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Webinar 11: Supporting the Social Service Workforce - Attracting and Retaining Workers in Underserved Areas
Webinar Summary and Recording
On August 8, 2013 the Global Social Service Workforce Alliance hosted its 11th webinar to discuss tools for attracting and supporting the social service workforce in underserved areas.
Maury Mendenhall, Orphans and Vulnerable Children Senior Technical Advisor with USAID, opened the discussion by inviting webinar participants to reflect on what attracted them to their current job post and what continues to motivate them as employees. She emphasized the importance of supporting social service workers and highlighted the benefits of being involved in the Global Social Service Workforce Alliance. Turning to the webinar topic itself, she noted that what attracts and motivates that health and education workforce is not that different from what motivates social service workers. The social service workforce can benefit from tools and resources developed by the health workforce to support workforce retention. She explained that this webinar would be an opportunity for the social service workforce to discuss relevant ways to adapt these tools and resources for the social service workforce.
Dr. Carmen Dolea of the Health Systems Policies and Workforce division of the World Health Organization (WHO) joined the webinar to share recommendations for recruitment and retention of health workers in remote and rural areas. These 16 recommendations were developed by the WHO using a systematic evidence review process that involved experts from around the world. The recommendations are divided into 4 categories of interventions including: Education, Regulatory, Financial Incentives, and Professional and Personal Support. Dr. Dolea discussed how the recommendations comprise a menu of possible interventions and that the best approach is to choose the combination that best fits the country and job context under consideration. She also gave some examples from countries that are implementing programs focused on recruiting and retaining health workers in remote and rural job posts, particularly staffing strategies inspired by the recommendations including a survey toolkit and methodology used in Laos.
Wanda Jaskiewicz, CapacityPlus Senior Team Leader for Global Leadership and Health Workforce Effectiveness at IntraHealth International, joined the conversation to explain the development and use of the Rapid Retention Survey Toolkit and Discrete Choice Experiment (DCE). Ms. Jaskiewicz explained that there is no single solution to address the lack of rural health care workers; instead, as introduced by Dr. Dolea, bundles of interventions need to be considered. By applying the DCE methodology to the social service workforce, leaders and practitioners could determine which incentives are most likely to attract workers to a post in an underserved area and which combination of incentives promises to retain the greatest percentage of workers. She continued to share what has been learned in the HRH area through application of the Rapid Retention Survey Toolkit and DCE methodology in Laos and explained that while governments may perceive increased compensation packages as the most effective for retaining workers, the results of the toolkit and DCE can reveal relatively low-cost bundles of interventions that include housing and fast-track promotion as more attractive to workers—and are more cost-effective.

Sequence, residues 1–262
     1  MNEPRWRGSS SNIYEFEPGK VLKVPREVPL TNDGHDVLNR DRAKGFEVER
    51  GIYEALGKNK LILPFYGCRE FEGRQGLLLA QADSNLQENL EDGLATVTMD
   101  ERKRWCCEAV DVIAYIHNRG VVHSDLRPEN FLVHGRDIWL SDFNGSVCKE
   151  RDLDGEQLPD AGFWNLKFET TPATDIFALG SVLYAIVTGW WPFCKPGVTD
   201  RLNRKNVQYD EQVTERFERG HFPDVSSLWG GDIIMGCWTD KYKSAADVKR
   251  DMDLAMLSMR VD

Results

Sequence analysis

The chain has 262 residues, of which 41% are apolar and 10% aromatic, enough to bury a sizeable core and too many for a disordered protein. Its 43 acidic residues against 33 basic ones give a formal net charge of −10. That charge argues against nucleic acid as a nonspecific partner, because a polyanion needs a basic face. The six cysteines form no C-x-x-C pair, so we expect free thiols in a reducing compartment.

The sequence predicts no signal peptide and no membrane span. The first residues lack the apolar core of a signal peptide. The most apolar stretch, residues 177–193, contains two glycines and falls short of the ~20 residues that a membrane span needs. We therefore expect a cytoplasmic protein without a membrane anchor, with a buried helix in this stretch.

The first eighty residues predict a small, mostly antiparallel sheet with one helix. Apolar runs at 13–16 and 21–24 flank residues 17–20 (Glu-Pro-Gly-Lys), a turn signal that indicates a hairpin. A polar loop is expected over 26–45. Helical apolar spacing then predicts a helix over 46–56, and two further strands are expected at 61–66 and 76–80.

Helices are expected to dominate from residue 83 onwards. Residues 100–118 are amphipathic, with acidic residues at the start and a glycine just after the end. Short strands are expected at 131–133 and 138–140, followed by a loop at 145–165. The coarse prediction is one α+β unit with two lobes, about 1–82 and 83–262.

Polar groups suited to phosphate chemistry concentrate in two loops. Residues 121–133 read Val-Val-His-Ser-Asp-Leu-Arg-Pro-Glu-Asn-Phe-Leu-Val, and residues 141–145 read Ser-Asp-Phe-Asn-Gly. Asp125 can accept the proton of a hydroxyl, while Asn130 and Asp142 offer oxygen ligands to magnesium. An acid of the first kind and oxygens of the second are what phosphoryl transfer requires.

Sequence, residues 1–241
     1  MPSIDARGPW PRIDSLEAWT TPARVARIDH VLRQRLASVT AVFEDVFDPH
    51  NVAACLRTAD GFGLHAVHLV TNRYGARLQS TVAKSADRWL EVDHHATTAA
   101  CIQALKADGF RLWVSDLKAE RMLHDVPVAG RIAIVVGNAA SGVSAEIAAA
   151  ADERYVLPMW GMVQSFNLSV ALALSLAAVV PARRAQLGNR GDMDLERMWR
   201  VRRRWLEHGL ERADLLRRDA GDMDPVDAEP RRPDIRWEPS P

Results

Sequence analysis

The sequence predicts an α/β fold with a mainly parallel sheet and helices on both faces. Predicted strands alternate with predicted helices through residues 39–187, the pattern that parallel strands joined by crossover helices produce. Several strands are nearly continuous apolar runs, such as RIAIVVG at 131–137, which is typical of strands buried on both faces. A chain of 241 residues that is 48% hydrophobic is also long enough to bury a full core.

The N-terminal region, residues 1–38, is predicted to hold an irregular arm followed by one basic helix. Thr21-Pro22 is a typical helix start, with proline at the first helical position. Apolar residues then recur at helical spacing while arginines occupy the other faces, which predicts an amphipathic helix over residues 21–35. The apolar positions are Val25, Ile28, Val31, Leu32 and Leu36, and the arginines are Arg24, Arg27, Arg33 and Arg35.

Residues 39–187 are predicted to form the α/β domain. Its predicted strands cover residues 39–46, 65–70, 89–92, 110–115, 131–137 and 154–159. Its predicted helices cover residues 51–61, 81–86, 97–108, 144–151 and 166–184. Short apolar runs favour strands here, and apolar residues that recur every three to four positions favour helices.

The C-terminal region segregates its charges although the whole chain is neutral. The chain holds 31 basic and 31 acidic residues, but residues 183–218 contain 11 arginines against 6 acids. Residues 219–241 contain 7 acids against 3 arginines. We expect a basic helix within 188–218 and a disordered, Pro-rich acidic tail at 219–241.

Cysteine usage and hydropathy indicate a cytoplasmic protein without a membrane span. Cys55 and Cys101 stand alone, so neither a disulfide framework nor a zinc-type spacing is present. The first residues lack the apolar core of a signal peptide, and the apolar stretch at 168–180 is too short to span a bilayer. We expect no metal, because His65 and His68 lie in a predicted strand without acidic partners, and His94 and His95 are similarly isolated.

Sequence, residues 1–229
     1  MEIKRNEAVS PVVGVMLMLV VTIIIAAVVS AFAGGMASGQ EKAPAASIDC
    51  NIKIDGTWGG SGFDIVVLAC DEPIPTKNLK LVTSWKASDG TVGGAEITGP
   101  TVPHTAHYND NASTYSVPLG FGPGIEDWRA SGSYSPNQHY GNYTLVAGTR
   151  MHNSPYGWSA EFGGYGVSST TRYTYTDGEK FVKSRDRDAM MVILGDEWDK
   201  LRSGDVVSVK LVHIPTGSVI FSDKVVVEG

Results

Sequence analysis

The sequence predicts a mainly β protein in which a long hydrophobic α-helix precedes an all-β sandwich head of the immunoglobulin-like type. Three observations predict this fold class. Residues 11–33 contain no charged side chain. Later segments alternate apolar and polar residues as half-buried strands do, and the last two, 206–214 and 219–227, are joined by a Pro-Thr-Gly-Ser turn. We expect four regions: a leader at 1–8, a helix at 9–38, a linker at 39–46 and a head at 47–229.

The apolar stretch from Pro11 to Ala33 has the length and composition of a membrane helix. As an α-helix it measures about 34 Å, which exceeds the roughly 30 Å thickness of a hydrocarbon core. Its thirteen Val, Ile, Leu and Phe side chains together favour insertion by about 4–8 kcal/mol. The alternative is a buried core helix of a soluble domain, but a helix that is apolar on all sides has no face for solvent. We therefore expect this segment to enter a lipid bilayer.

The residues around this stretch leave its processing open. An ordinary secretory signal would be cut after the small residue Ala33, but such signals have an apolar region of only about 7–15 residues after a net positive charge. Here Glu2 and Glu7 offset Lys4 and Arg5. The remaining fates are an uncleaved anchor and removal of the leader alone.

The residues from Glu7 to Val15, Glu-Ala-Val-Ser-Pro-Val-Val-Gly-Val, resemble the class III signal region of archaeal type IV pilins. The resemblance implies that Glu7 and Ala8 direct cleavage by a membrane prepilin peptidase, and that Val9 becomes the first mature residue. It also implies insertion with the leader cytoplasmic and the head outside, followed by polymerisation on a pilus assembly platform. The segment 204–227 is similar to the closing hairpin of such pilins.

Each of the presentations was followed by a brief question and answer session moderated by Jim McCaffery of CapacityPlus. Questions focused on whether there had been additional research on personal support for health workers (e.g., psychosocial services, professional development and in-service training, rewards for outstanding service) and cost-effectiveness of salary top-ups compared to other incentives such as education stipends for health workers’ children or on-site housing. Participants were interested in how packages of interventions, once determined, are funded, especially for the social service workforce given that responsibility for these workers is often split among multiple ministries.
In closing, Maury Mendenhall emphasized that understanding the various factors that influence workers’ decisions to work in rural and remote areas—and how these factors might be different for social service workers—is crucial. There are many challenges associated with working in rural and underserved settings and these challenges can contribute to burnout. She noted that burnout is the enemy of retention and referred participants to an earlier webinar on supportive supervision, indicating that offering supportive supervision can also be a strategy attracting and motivating workers. Ms. Mendenhall thanked those in attendance for their participation and directed participants to the Global Social Service Workforce Alliance website for more information on resources related to workforce retention.
Click here for a compilation of resources related to workforce retention.